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Hey guys today I am going to walk you through how to make your own moveable planter box. Stay tuned for this episode of Broke-Dad.
Momma wanted a new planter box for some herbs at our new house. The problem is we don’t have the sun patterns down yet. So, we decided to make a box that can roll into and out of the shade if needed.
I used untreated Cedar fencing boards and redwood decking posts for this project. Cedar does very well in all weather, it is resistant to mold, and it does not conduct heat which will help keep the soil and the roots cool. The redwood was used because it is beautiful.
Measure the lengths and width of the box you wish to make. If you want to be able to move the planter box do not make it too large. I used a circular saw to make these quick cut as they do not have to be perfect. When using any saw be sure to review safety procedures, plan out your cut, double check that you are clear of the blade, and be sure the object is secured to your support table.
Next I cut the decking posts to the height I wanted to using a hand saw. If using a hand saw make sure you are using the proper blade format. As this was a cross cut, meaning I was cutting across the grain (or the lines of the wood), I used a cross cut blade. If I am cutting with the grain I would use a rip saw blade. Think of it as though you are ripping the grain of the wood apart like a piece of string cheese.
Next you will set the cedar boards onto the posts. Select a drill bit that is smaller than the diameter of the screw you are using. Create a pilot hole by applying even downward force on the drill moving in and out until you have achieved the desired depth. Change drill bits and insert screws into the pilot holes.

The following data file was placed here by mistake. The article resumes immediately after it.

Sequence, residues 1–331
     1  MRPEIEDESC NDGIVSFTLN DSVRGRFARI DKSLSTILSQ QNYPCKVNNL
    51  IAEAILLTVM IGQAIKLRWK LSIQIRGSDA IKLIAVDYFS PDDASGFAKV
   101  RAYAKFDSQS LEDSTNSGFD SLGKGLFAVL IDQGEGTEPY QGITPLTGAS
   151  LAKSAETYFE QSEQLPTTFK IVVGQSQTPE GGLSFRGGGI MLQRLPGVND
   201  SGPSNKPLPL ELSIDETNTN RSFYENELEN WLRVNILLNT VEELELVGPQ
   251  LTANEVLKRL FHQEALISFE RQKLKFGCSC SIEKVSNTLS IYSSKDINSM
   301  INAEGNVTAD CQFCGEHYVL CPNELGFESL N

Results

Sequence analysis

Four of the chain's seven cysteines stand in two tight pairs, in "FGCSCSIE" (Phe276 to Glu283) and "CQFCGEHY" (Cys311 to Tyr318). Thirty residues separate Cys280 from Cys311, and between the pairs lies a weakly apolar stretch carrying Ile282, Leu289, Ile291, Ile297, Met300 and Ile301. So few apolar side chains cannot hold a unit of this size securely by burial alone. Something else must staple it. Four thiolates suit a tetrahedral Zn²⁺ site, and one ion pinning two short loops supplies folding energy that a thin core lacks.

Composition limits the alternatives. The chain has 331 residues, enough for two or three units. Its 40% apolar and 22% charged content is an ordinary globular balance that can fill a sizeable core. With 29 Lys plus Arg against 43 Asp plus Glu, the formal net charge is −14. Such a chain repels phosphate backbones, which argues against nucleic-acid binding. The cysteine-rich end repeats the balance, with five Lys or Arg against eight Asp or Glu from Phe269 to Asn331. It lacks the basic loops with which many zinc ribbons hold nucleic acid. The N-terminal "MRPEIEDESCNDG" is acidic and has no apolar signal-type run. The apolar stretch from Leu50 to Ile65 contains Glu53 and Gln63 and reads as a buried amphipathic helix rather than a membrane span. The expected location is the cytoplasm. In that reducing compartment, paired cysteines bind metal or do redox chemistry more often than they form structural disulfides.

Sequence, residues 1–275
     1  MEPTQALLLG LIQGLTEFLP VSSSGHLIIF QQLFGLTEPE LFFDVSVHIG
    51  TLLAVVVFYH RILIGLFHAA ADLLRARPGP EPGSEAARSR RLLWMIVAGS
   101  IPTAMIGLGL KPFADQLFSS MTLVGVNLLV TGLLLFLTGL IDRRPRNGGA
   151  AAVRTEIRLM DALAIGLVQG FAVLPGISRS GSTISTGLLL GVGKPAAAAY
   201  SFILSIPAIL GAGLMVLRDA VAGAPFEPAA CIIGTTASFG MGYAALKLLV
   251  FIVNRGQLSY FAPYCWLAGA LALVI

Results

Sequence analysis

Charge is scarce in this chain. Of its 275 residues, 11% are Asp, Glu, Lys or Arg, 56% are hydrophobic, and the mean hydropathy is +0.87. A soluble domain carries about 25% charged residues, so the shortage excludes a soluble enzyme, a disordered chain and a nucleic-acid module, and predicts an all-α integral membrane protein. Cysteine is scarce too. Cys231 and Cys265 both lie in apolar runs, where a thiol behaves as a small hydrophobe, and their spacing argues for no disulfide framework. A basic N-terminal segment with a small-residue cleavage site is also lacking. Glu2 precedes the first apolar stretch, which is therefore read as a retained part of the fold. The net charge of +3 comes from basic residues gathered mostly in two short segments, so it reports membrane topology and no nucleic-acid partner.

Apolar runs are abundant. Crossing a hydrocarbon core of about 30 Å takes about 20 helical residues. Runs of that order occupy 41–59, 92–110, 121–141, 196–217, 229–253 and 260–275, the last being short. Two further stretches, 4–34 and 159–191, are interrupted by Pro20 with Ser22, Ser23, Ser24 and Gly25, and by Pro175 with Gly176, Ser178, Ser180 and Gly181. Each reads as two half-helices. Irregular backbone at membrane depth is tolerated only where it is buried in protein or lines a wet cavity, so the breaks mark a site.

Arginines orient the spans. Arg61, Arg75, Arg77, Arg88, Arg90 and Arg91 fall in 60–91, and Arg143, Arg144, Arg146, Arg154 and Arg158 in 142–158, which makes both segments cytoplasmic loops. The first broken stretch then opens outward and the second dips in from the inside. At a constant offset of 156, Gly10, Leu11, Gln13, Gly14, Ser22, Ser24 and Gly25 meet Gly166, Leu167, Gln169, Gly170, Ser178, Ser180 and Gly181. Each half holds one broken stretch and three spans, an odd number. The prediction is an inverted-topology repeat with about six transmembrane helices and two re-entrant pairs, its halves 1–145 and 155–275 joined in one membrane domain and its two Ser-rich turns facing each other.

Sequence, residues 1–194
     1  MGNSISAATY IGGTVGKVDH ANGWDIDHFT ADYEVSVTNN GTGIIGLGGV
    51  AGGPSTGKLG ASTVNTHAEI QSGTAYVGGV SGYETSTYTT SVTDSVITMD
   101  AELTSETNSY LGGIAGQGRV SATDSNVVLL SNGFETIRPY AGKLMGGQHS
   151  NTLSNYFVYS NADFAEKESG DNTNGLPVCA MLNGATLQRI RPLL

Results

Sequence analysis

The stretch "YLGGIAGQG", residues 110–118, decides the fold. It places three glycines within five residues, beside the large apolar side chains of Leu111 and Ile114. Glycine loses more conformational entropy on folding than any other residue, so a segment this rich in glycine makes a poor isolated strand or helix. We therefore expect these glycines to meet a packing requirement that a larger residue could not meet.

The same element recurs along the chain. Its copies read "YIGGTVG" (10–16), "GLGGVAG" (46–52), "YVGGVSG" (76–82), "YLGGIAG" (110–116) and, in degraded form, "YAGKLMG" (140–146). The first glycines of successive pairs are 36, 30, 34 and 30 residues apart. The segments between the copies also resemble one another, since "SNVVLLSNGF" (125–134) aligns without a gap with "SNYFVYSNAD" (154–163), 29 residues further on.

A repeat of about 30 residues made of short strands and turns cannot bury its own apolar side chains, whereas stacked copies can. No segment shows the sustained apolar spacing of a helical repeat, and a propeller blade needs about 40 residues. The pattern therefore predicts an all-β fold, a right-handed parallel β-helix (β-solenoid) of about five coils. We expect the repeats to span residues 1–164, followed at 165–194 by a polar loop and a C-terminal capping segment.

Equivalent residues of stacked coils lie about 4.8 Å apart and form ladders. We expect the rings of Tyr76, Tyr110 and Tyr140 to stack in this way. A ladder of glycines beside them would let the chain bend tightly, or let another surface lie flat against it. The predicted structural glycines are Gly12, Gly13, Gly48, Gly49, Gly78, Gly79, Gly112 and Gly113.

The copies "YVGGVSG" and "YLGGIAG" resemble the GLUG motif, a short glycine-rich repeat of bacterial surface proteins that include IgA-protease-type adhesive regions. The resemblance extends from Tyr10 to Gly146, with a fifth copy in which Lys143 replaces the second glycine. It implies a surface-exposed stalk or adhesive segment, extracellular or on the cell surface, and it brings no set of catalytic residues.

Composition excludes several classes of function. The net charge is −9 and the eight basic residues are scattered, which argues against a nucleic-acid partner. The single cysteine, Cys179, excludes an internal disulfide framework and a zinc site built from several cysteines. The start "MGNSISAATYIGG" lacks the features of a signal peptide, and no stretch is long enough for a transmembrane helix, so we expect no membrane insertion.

The length and diameter of the screws you use will depend on the dimensions you choose the box to be.
Once you have completed the front and back sides clamp the side pieces to the support post and repeat the pilot hole and screw steps until you have created a box without a bottom.
Flip the box upside down and measure, mark, and make your cuts. You can use any saw for any of these cuts that you are comfortable with. A miter saw will make these cuts quickly if you have one and are comfortable with it.
Set the freshly cut boards, pilot hole and screw them into place.
In order to fill an area that is less wide than the pre-milled boards you simply mark the boards where they need to be cut. Using a table saw you set the fence to the mark you make and rip the board. If you use a table saw please make sure you have been taught the proper safety procedures as this tool is amazing but one of the most dangerous in a shop.
To make the last boards needed simply measure and mark the board so that it will fit the remaining gap. Use the appropriate saw and make the needed cuts.
Once the bottom is completed I like to take some thin scrap wood and attach a few support beams using the same drill and screw method.
Using a medium grit sandpaper sand out the piece in order to prevent future splinters.
In order to make this planter easy to move you will want to purchase four sturdy rubber wheels at your local hardware store. Spending the extra money for the ones that can be locked into place may not be a bad idea. Match the part of the wheel that screws into the wood with a drill bit that is the same size or a bit smaller. Drill a hole and screw the wheels into place. Use a level to set the wheel heights to make the box sit evenly. You may need to use plyers to help you screw the wheel into the wood.
Take a weed blocker and line the inside of the planter box. This is meant to help keep the soil in the planter and help prevent any rot. Simply cut the desired sized piece and staple the mesh to the planter.
Once the blocker is set take a razor blade and make a few holes in the blocker. Drill holes in these locations to allow water to escape the planter box. Too much water being trapped can turn stagnate and promote bacteria and mold in the soil. Place some river stone over the holes you made so that soil does not escape while still allowing water a path a egress.
Now move the planter to its’ new home, add some soil, and plant. Now you can relocate your planter box with ease. Hope you enjoyed today’s episode of Broke-Dad. Be sure to subscribe to our channel so we can bring more videos that will help you. Take care!